Inside the fading white wood house on Belmont Street in the heart of San Antonio’s East Side, Vernon “Spot” Barnett is keeping one eye on his 98-year-old father. The old man is slowly moving around the dark living room, his feet shuffling across the worn wood floors. He was shot several months ago in a wicked home invasion, but somehow survived. Today the old man’s sturdy handshake is like that of a man who is 80 years younger.
Barnett smiles as his father walks by.
Out the dusty front window, you can see something else that tested the Barnett family—the charred remains of Spot’s own home, still standing after it caught fire a few years ago, forcing him to move in with his dad across the street.
Every day, Spot peers from his father’s front door toward a place where a thousand memories—precious photographs and totems from a life given to music—went up in smoke. These are no ordinary memories. Spot has spent half a century helping build one of the most vibrant regional music scenes in the country.
His father settles into a small chair.
“That’s the man who’s responsible for it all,” Spot says with a wave of his hand and a small grin.
Barnett could be talking about his own role in the San Antonio music scene. The tenor sax player, 74, remains an elegant ambassador for a tribe of musicians who play a righteous blend of country blues, urban blues, R&B, country and western, German polkas, Mexican ballads and even free jazz. The sound is defined by its brash insistence on jumping across racial, ethnic and musical boundaries.
Barnett and his San Antonio colleagues have been living witnesses, participants and guiding forces—they were white, black and brown musicians who mingled in ways that were not happening as often anywhere else in Texas.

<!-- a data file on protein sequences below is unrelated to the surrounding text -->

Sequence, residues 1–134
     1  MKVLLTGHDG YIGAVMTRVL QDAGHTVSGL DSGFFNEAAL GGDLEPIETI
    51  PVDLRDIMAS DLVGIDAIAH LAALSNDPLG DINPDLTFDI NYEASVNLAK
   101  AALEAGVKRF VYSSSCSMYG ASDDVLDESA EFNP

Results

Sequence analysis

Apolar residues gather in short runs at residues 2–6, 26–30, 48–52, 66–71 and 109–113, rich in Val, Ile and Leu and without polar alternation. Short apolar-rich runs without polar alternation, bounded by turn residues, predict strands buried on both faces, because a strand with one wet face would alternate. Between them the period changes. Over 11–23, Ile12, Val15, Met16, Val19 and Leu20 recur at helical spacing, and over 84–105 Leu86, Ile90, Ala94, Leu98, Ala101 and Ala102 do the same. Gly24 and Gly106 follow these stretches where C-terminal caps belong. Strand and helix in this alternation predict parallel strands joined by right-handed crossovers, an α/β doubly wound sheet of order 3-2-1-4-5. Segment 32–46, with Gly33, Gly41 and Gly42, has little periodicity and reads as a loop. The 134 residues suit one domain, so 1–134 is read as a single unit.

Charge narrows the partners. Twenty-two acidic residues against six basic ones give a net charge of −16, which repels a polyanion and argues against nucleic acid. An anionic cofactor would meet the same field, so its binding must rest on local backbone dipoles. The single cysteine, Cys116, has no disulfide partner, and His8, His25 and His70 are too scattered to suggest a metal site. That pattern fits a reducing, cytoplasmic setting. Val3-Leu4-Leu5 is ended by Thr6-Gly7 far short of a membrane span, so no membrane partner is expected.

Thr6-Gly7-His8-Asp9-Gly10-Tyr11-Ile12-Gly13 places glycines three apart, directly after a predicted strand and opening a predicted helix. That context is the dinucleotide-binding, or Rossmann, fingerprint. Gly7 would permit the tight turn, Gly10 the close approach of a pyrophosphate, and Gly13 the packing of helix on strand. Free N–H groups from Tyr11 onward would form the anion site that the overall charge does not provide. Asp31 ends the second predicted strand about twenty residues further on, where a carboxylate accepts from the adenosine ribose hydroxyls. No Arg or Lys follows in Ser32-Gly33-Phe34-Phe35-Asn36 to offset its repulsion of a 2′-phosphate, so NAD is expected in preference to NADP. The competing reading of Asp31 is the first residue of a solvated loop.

Spot Barnett would stare down from stages and see swaying crowds, the rolling amoebas of revelers from different sides of the tracks. In the 1950s and 1960s, he was the most important bandleader in San Antonio—the link to his famous East Side mentor, Clifford Scott. Barnett was so good that he was scooped up by Bobby “Blue” Bland and Ike and Tina Turner. He toured the world as a player and musical director—until he decided he wanted to be back home.
Today, he and a handful of others remain the perfect prisms through which to measure the evolution of that only-in-San Antonio musical environment. It has more than a few similarities to that of New Orleans—with artists drawing on specific, immediate, regional musical influences … with artists-cum-historians passing down phrases, sounds and songs uncorked decades ago on the nearby streets … with food and religion and neighborhood fidelities serving key roles. “We’re talking about a language, and it has to have a way to sustain itself,” says Barnett. “It is both an art and a science.”
San Antonio found a way to sustain its musical language—it is still spoken in tucked-away parts of the city. Go to Santa’s Place on the East Side, go to old VFW halls. Look for the floating aggregation known as The West Side Horns. Look for Ernie Garibay, Jack Barber and the other stellar musicians when they have impromptu, barely advertised gigs. Chitlin’ circuit blues, two-step verities, shuffles, rancheras, plaintive soul serenades, all of it swirling like smoke, like South Texas incense, and all of it luring dreamers and lovers onto dark dance floors somewhere in San Antonio.
Part of the sound, as in New Orleans, is defined by the polyglot nature of the place. San Antonio was for years more diverse, even international, than Dallas, Austin and arguably even Houston. “San Antonio avoided a lot of the racial tension and segregation problems that beset a lot of other urban areas. That’s not to say there wasn’t segregation, but music promoters such as Don Albert and Johnny Phillips welcomed all races into their places,” says Jim Beal, the San Antonio Express-News music writer.